• Konrad, A., & Mangel, R. (2000). The impact of work-life programs on firm productivity. Strategic Management Journal, 21(12), 1225–1237. doi:10.1002/1097-0266(200012)21:12<1225:AID-SMJ135>3.0.CO;2-3.

    Article  Google Scholar 

  • Lapierre, L. M., & Allen, T. D. (2006). Work-supportive family, family-supportive supervision, use of organizational benefits and problem-focused coping: Implications for work–family conflict and employee well-being. Journal of Occupational Health Psychology, 11(2), 169–181. doi:10.1037/1076-8998.11.2.169.

    Article  Google Scholar 

  • McMillan, H. S., Morris, M. L., & Atchley, E. K. (2011). Constructs of the work/life interface: A synthesis of the literature and introduction of the concept of work/life harmony. Human Resources Development Review, 10, 6–25. doi:10.1177/1534484310384958.

    Article  Google Scholar 

  • Meyer, J. W., & Rowen, B. (1977). Institutional organizations: Formal structure as myth and ceremony. American Journal of Sociology, 83(2), 340–363.

    Article  Google Scholar 

  • Moreno, A. (2005). Empleo de la mujer y familia en los regímenes de bienestar del sur de Europa en perspectiva comparada. Permanencia del modelo de varón sustentador. Revista Española de Investigaciones Sociológicas, 112, 131–163.

    Google Scholar 

  • Ollo-López, A., Bayo-Moriones, A., & Larraza-Kintana, M. (2010). The relationship between new work practices and employee effort. Journal of Industrial Relations, 52(2), 219–235. doi:10.1177/0022185609359446.

    Article  Google Scholar 

  • Osterman, P. (1995). Work/family programs and the employment relationship. Administrative Science Quarterly, 40(4), 681–700. doi:10.2307/2393758.

    Article  Google Scholar 

  • Pichler, F. (2009). Determinants of work-life balance: Shortcomings in the contemporary measurement of WLB in large-scale surveys. Social Indicators Research, 92(3), 449–469. doi:10.1007/s11205-008-9297-5.

    Article  Google Scholar 

  • Plantenga, J., & Remery, Ch. (2010). Flexible working time arrangements and gender equality. A Comparative review of 30 European countries. Luxembourg: Publication Office of the European Union.

  • Ramsay, H., Scholarios, D., & Harley, B. (2000). Employees and high performance work systems: Testing inside the black box. British Journal of Industrial Relations, 38(4), 501–531. doi:10.1111/1467-8543.00178.

    Article  Google Scholar 

  • Roehling, P. V., Roehling, M. V., & Moen, P. (2001). The relationship between work-life policies and practices and employee loyalty: A life course perspective. Journal of Family and Economic Issues, 22(2), 141–170. doi:10.1023/A:1016630229628.

    Article  Google Scholar 

  • Rogier, S. A., & Padgett, M. Y. (2004). The impact of utilizing a flexible work schedule on the perceived career advancement potential of women. Human Resource Development Quarterly, 15, 89–106. doi:10.1002/hrdq.1089.

    Article  Google Scholar 

  • Secret, M. (2000). Identifying the family, job and workplace characteristics of employees who use work-family benefits. Family Relations, 49(2), 217–225. doi:10.1111/j.1741-3729.2000.00217.x.

    Article  Google Scholar 

  • Swody, C. A., & Powel, G. M. (2007). Determinants of employee participation in organizations’ family–friendly programs: A multi-level approach. Journal of Business Psychology, 22, 111–122. doi:10.1007/s10869-007-9057-6.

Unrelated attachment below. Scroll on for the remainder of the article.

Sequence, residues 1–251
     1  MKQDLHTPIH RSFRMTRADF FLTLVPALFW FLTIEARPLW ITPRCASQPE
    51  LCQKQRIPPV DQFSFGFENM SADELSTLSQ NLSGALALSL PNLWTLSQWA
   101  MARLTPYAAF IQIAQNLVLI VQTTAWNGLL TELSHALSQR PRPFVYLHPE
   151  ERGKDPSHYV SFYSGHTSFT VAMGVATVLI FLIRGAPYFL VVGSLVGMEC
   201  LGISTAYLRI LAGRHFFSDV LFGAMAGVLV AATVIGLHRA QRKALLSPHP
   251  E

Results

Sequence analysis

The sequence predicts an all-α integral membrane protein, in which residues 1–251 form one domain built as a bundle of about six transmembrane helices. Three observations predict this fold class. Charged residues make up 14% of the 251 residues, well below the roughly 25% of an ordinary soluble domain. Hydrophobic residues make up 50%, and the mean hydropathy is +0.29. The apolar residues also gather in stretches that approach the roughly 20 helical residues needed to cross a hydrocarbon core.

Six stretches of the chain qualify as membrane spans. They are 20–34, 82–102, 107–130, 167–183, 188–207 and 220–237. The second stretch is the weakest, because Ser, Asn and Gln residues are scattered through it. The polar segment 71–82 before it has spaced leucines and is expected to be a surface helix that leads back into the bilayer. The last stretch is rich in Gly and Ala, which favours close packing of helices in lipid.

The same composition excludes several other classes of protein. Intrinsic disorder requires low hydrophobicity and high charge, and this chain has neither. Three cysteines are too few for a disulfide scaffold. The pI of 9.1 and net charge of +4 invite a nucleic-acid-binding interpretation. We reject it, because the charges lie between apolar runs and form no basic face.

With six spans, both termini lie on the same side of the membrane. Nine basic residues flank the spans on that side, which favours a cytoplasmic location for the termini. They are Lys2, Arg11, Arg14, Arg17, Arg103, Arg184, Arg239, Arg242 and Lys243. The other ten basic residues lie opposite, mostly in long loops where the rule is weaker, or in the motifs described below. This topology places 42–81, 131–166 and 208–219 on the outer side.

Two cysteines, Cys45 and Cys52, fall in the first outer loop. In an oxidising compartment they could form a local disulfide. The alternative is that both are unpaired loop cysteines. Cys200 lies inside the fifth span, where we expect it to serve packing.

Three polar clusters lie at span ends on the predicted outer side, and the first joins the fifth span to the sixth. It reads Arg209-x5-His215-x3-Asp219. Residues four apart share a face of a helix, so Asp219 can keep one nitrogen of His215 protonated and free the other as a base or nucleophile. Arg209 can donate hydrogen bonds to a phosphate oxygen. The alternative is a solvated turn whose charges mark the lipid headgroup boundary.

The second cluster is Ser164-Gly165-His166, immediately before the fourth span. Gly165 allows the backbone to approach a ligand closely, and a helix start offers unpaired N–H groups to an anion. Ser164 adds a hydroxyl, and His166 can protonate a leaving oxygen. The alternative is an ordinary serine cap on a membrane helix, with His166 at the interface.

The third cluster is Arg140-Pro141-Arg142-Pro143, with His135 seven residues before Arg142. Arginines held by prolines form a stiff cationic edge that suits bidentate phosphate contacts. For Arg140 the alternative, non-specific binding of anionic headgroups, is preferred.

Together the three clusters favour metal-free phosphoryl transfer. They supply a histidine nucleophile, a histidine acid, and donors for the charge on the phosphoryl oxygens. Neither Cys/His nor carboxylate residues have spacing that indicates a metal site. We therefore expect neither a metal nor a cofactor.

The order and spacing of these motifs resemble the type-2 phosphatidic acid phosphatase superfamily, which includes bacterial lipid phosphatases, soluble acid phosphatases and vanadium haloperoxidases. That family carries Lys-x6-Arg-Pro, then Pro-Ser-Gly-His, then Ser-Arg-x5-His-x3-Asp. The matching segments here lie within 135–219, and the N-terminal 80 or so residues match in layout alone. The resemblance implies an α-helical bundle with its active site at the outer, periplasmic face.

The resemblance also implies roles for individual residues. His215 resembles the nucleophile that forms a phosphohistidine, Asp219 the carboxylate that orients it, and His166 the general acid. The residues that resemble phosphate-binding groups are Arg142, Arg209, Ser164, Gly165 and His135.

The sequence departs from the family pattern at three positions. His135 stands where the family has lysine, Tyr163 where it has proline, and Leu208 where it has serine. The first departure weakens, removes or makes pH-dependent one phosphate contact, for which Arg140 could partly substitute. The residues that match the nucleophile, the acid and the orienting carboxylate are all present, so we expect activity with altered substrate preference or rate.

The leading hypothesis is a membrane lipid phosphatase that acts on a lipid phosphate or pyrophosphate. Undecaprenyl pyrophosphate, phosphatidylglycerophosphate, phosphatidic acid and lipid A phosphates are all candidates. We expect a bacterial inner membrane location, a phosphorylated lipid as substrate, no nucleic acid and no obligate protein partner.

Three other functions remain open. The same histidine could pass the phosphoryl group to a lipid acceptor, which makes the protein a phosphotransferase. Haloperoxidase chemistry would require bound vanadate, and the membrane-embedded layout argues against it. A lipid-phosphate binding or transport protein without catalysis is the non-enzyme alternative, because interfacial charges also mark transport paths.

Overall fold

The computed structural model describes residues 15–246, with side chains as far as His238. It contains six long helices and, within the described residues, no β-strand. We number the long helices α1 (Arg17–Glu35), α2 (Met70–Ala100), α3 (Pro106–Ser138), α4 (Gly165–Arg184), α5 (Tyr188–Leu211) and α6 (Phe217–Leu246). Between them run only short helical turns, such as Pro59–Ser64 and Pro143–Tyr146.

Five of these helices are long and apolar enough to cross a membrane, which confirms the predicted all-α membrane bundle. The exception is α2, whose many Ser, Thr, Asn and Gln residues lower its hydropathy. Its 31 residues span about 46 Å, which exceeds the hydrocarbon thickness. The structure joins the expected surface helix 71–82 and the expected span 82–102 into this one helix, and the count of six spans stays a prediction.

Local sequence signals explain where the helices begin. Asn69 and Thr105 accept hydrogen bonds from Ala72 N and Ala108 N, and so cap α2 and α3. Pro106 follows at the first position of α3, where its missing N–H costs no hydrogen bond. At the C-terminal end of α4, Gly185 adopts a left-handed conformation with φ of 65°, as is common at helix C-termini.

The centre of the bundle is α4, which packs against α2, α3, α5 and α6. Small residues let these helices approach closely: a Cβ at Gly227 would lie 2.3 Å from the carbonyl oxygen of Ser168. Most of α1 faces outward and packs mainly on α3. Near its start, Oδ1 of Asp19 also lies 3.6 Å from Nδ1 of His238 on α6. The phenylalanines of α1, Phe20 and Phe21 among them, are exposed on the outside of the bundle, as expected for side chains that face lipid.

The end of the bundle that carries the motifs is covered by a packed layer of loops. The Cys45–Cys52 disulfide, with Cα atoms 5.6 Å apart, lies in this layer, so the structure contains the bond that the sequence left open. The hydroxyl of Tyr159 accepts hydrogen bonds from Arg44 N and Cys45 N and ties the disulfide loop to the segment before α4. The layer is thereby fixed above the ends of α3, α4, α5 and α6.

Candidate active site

Article  Google Scholar 

  • Tausig, M., & Fenwick, R. (2001). Unbinding time: Alternate work schedules and work-life balance. Journal of Family and Economic Issues, 22(2), 101–119. doi:10.1023/A:1016626028720.

    Article  Google Scholar 

  • Voicu, M., Voicu, B., & Strapcova, K. (2009). Housework and gender inequality in European countries. European Sociological Review, 25(3), 365–377. doi:10.1093/esr/jcn054.

    Article  Google Scholar 

  • Warren, T., Fox, E., & Pascall, G. (2009). Innovative social policies: Implications for work-life balance among low-waged women in England. Gender, Work and Organization, 16(1), 126–150. doi:10.1111/j.1468-0432.2008.00433.x.

    Article  Google Scholar 

  • White, M., Hill, S., McGovern, P., Mills, C., & Smeaton, D. (2003). High performance management practices, working hours and work life balance. British Journal of Industrial Relations, 41(2), 175–195. doi:10.1111/1467-8543.00268.

    Article  Google Scholar 

  • Wiesman, S., Boeije, H., Van Doorne-Huiskes, A., & Den Dulk, L. (2008). Not worth mentioning: The implicit and explicit nature of decision-making about the division of paid and domestic work. Community, Work & Family, 11(4), 341–363. doi:10.1080/13668800802361781.

    Article  Google Scholar 

  • Wood, S., & Albanese, M. T. (1999). Can we speak of a High Commitment Management on the shop floor? Journal of Management Studies, 32(2), 215–247. doi:10.1111/j.1467-6486.1995.tb00341.x.

    Article  Google Scholar 

  • Wood, S. J., Menezes, L. M., & Lasaosa, A. (2003). Family–friendly management in Great Britain: Testing various perspectives. Industrial Relations, 42(2), 221–249. doi:10.1111/1468-232X.00288.

    Google Scholar 

Download references

Acknowledgments

This research was supported by the Spanish Ministry of SEC2007-67737-C03-02/ECON awarded to Salomé Goñi Legaz and ECO2010-213-93-C04-03 awarded to Andrea Ollo López. The authors acknowledge the helpful comments of the editor-in-chief of Journal of Family and Economic Issues, Elizabeth M. Dolan, and of the two anonymous reviewers.

Author information

Authors and Affiliations

Authors

Corresponding author

Correspondence to Andrea Ollo-López.

Rights and permissions

Reprints and permissions

About this article

Check for updates. Verify currency and authenticity via CrossMark

Cite this article

Goñi-Legaz, S., Ollo-López, A. Factors that Determine the Use of Flexible Work Arrangement Practices in Spain. J Fam Econ Iss 36, 463–476 (2015). https://doi.org/10.1007/s10834-014-9408-1

Download citation

  • Published:

  • Issue Date:

  • DOI: https://doi.org/10.1007/s10834-014-9408-1

Keywords

Navigation